SINGAPORE — It is important at this juncture for the United States and China to articulate their overarching foreign policy objectives towards Asia, Defence Minister Ng Eng Hen said yesterday.
During a panel discussion at the 53rd Munich Security Conference in Germany, Dr Ng said the US’ ability as a military power to continue its presence and influence in the Pacific was “not in doubt”. “But this military prowess, while necessary, is insufficient for continued stability and progress in Asia,” said Dr Ng.
Likewise, China, as a rising power, must spell out its “inclusive vision for Asia and beyond”. This vision, while serving China’s interests, will not do so exclusively. “(The vision) must also provide other countries the assurance of clear, common and acceptable rules around which countries can evolve a new order,” he said.
He added that some initiatives have already begun or are in the works, such as the One Belt, One Road initiative, the Asian Infrastructure Investment Bank and the Regional Comprehensive Economic Partnership.
Singapore “fully supports and will facilitate” these initiatives, he said.
Dr Ng reiterated Singapore’s position that the US and China’s engagement with each other and other Asian nations would be “the key consideration” for Asia-Pacific’s stability, referring to East Asia, the Korean Peninsula and the Association of South-east Asian Nations (Asean).
Meanwhile, citing US President Donald Trump’s “America first” pledge in his inauguration speech, Dr Ng said the question was on what basis would the US’ continued presence and influence in Asia be legitimised under this policy.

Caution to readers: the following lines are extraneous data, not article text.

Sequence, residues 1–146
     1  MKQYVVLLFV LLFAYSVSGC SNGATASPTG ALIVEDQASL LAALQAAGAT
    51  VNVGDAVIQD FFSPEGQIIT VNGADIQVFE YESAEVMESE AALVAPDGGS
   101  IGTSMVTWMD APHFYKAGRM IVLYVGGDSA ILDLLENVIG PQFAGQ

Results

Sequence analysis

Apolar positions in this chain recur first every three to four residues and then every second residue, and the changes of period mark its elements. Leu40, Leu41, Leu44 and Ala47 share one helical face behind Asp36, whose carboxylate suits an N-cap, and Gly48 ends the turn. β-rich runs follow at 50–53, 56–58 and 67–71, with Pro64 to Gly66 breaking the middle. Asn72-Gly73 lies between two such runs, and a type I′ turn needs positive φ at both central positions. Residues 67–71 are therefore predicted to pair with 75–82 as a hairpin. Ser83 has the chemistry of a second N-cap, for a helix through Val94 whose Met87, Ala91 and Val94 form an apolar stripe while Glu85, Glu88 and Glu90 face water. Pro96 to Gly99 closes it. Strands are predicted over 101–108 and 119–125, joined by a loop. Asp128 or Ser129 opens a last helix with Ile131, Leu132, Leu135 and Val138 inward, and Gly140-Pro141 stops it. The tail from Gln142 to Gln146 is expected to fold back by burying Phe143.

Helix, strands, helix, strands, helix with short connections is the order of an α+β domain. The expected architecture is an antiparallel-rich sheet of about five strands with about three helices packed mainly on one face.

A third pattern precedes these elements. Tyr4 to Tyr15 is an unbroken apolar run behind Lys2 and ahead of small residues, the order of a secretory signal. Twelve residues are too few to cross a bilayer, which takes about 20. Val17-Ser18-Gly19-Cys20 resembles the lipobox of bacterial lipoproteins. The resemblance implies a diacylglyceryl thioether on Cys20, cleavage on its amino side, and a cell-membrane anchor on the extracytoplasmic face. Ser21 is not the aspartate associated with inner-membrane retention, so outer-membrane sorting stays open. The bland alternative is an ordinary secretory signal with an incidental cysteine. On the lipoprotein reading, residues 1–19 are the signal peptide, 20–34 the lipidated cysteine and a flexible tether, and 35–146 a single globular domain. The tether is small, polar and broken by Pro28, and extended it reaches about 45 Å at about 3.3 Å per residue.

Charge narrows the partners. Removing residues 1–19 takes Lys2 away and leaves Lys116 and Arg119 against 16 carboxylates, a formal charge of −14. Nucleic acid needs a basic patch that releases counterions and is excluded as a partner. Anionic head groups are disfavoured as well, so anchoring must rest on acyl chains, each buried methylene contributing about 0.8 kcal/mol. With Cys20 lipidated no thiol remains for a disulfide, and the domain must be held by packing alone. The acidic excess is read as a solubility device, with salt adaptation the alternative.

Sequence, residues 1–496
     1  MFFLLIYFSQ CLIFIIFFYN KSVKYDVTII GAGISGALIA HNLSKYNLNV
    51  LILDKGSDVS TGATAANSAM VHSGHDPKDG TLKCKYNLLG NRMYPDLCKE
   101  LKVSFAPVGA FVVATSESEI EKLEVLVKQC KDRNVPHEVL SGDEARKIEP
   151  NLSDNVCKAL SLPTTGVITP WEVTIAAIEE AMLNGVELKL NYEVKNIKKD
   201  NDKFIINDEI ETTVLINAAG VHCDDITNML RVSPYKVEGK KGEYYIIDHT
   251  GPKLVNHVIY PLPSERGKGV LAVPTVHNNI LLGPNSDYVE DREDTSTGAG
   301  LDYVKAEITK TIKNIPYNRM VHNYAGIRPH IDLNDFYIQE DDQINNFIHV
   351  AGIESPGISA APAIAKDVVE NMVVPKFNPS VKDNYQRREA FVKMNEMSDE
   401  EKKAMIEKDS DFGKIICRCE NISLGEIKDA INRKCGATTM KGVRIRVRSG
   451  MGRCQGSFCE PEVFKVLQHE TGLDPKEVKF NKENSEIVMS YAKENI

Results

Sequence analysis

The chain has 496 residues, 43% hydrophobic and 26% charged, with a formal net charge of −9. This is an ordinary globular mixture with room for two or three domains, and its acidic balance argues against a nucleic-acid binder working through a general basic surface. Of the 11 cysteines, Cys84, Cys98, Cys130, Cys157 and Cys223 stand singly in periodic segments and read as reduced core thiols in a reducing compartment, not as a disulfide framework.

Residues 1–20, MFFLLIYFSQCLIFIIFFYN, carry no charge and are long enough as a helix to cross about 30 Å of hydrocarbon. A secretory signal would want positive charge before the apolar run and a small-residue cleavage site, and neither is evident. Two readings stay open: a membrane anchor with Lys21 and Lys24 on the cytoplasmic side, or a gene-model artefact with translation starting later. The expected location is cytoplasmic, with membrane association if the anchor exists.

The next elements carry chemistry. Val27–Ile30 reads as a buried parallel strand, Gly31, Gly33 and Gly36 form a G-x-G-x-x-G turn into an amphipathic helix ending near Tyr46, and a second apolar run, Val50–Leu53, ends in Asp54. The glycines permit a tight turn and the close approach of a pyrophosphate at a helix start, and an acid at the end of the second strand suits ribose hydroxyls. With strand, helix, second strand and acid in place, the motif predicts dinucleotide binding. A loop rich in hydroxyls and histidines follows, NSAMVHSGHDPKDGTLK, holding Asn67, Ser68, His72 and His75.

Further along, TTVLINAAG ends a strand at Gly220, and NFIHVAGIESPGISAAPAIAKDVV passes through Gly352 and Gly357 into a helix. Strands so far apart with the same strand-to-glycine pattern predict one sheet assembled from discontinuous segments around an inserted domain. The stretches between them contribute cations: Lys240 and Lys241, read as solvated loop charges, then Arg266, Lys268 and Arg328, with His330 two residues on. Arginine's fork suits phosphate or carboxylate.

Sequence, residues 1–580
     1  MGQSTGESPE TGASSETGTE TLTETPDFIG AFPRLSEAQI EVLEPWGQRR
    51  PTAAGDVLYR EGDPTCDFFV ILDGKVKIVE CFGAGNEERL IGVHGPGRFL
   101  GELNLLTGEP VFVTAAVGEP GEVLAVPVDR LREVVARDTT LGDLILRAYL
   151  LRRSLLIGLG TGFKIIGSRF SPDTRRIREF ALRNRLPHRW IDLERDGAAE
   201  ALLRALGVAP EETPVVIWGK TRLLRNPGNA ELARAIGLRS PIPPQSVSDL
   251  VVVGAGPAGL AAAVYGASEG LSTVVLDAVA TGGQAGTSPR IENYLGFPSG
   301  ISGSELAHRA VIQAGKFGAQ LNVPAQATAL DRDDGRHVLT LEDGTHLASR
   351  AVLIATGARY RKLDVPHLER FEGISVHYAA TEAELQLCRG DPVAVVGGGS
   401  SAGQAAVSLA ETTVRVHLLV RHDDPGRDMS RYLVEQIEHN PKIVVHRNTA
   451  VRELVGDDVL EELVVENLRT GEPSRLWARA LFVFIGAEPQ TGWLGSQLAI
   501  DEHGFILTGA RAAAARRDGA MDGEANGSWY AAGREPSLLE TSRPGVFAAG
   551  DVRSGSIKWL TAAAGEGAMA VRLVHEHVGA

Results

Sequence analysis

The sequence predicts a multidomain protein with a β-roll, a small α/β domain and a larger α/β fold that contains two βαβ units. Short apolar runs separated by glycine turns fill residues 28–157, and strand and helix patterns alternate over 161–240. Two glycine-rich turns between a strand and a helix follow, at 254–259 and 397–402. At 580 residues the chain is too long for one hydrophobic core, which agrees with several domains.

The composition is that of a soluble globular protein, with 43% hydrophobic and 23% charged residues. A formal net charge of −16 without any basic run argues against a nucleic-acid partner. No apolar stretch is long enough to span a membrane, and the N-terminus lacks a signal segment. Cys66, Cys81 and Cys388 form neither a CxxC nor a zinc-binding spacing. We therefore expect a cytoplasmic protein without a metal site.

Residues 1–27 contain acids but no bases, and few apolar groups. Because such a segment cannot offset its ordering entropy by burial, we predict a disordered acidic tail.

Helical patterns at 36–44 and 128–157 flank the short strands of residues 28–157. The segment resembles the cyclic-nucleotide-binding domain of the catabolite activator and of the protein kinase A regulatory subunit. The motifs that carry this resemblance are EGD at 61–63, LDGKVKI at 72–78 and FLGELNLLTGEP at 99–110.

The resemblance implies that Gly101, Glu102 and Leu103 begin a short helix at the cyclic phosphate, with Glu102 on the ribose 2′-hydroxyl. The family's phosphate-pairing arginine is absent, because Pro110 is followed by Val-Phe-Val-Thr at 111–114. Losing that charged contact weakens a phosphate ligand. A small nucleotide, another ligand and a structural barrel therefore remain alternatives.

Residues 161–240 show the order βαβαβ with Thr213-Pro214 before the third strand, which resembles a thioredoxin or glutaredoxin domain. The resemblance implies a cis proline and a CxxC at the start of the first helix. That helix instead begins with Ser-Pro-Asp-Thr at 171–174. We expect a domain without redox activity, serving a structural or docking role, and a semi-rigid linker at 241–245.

If US foreign policy is de facto “predominantly anti-China”, it would be a “frustrating decade” for many in Asean and Asia, as it would be if China’s efforts are seen as a means to usurp the US as the resident power in the Pacific.
“Countries will de facto have to choose sides and be put into lose-win situations,” he said. If US foreign policy is transactional-based, “then I think the genesis of trading, (and) even security blocs, has begun”, Dr Ng said.
Under such a foreign policy, the US would provide the security umbrella in exchange for trading privileges or commercial gains. For China, conversely, security considerations can be a barter for countries needing inroads into Chinese markets.
Dr Ng said Mr Trump’s “America first” message was “quite a different” one from that of former president John F Kennedy’s at his 1961 inauguration.
The late president had proclaimed a US that would “pay any price, bear any burden to assure the survival and the success of liberty”.
Of particular note to Asean states, Kennedy had said: “One form of colonial control shall not have passed away merely to be replaced by a far, more iron tyranny.”
It was this American exceptionalism, which formed the raison d’etre of the US’ presence in the Asia-Pacific against the threat of communism, that provided a common cause with which countries could enjoin, said Dr Ng.
The US had also led the way in establishing institutions that form the “fabric of globalisation” today.
Amid uncertain times now, Dr Ng said existing platforms, including the Asean Regional Forum, the East Asia Summit and the Asean Defence Ministers’ Meeting-Plus, must play productive roles to foster better understanding with the US, China and other nations.